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Abnormal Psychology.

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1 Abnormal Psychology

Modules 45-48

3 3 major criteria for diagnosing psychological disorders
Deviance-behavior that is not considered to be in the norm Maladaptive behavior-behavior that interferes with a person’s social or occupational functioning Personal distress-how much distress it causes the individual

4 Costs of Mental Illness
- Costs more than $150 billion each year for treatment - Schizophrenia alone costs up to $30 billion - Lithium for Bipolar Disorder has saved approximately $145 billion since 1970 - Clozapine for Schizophrenia has saved approximately $23,000/patient annually

5 Youth and Mental Illness
- U.S. adolescents appear to be at high risk for mental illness - Schizophrenia tends to manifest itself in adolescence or early adulthood - U.S. adolescents are the only group in which there continues to be an increase in the death rate, from accidents, suicide and homicide

6 Warning Signs of trouble
* - marked drop in school performance or increase in absenteeism - excessive use of alcohol and/or drugs - marked changes in sleeping and/or eating habits - many physical complaints (headaches, stomach aches) - aggressive or non-aggressive violations of the rights of others - withdrawal from friends, family and regular activities - depression demonstrated by continued, prolonged negative mood and often accompanied by poor - appetite and/or difficulty sleeping

7 - frequent outbursts of anger or rage
- low energy level, poor concentration, complaints of boredom - loss of enjoyment in what used to be favorite activities - unusual neglect of personal appearance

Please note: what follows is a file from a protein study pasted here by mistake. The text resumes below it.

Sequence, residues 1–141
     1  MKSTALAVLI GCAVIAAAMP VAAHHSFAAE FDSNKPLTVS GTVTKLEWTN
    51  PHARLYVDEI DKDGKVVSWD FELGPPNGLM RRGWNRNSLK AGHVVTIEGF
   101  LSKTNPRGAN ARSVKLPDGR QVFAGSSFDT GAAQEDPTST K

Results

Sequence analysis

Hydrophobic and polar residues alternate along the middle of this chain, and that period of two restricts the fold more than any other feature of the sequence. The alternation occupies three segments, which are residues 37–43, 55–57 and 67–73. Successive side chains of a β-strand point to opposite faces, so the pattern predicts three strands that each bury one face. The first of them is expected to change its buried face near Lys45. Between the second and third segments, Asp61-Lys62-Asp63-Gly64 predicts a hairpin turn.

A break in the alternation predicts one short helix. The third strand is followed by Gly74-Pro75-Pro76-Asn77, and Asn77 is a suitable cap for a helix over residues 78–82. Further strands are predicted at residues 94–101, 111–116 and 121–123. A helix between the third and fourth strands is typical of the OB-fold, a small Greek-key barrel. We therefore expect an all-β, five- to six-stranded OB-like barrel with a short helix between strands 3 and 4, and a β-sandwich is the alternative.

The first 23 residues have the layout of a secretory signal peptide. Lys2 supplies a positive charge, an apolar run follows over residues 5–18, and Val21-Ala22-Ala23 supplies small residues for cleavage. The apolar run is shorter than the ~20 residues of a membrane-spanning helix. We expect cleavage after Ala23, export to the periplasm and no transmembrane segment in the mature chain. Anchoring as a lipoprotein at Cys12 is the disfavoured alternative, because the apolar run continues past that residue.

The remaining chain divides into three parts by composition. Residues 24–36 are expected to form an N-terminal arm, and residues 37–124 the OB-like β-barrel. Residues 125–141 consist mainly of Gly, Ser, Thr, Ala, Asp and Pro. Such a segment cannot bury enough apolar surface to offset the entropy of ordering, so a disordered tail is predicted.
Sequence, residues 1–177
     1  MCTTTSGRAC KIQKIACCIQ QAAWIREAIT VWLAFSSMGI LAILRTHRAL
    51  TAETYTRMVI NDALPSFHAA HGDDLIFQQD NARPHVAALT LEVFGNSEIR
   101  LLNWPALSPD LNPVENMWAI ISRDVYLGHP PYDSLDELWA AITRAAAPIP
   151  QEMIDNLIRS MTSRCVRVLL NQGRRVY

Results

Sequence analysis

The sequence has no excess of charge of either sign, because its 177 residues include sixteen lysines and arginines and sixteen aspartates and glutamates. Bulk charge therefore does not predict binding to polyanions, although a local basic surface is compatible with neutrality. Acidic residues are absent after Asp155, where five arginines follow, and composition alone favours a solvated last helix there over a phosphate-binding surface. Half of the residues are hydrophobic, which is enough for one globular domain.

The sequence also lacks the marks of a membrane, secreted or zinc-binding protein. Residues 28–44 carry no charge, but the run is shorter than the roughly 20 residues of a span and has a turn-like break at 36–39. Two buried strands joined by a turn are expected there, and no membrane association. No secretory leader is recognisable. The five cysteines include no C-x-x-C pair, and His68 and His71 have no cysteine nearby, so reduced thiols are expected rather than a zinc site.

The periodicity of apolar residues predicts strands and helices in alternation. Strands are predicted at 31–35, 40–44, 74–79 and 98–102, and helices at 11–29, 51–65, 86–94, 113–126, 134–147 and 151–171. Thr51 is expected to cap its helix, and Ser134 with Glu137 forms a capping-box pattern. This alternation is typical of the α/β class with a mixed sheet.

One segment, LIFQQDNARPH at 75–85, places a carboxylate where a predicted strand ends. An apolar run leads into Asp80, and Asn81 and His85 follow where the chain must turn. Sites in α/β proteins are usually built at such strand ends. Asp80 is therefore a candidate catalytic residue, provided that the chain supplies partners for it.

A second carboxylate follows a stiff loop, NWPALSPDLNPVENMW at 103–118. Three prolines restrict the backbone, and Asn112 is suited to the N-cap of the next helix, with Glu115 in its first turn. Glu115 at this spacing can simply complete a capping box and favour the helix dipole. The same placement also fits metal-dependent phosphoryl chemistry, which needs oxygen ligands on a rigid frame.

8 Diagnostic and Statistical Manual of Mental Disorders (DSM-IV-TR)
- Axis I-Clinical Syndromes-includes many of the disorders that are in chapter 14 - Axis II-Personality Disorders or Mental Retardation (See personality disorders) - Axis III-General Medical Conditions-assesses any chronic physical disorders or conditions that may contribute to disorders - Axis IV-Psychosocial and Environmental Problems-negative life events, troubled relationships, trouble with the law, school, work, etc. - Axis V-Global Assessment of Functioning-After assessing axes 1-4, the psychologist makes a determination regarding a score that they would assess the person’s level of functioning. A score of a 10 means the person is in persistent danger of severely hurting themselves or others and a score of 100 means they are functioning at a superior level.

9 Generalized Anxiety Disorder (GAD)
"I always thought I was just a worrier. I'd feel keyed up and unable to relax. At times it would come and go, and at times it would be constant. It could go on for days. I'd worry about what I was going to fix for a dinner party, or what would be a great present for somebody. I just couldn't let something go." "I'd have terrible sleeping problems. There were times I'd wake up wired in the middle of the night. I had trouble concentrating, even reading the newspaper or a novel. Sometimes I'd feel a little lightheaded. My heart would race or pound. And that would make me worry more. I was always imagining things were worse than they really were: when I got a stomachache, I'd think it was an ulcer."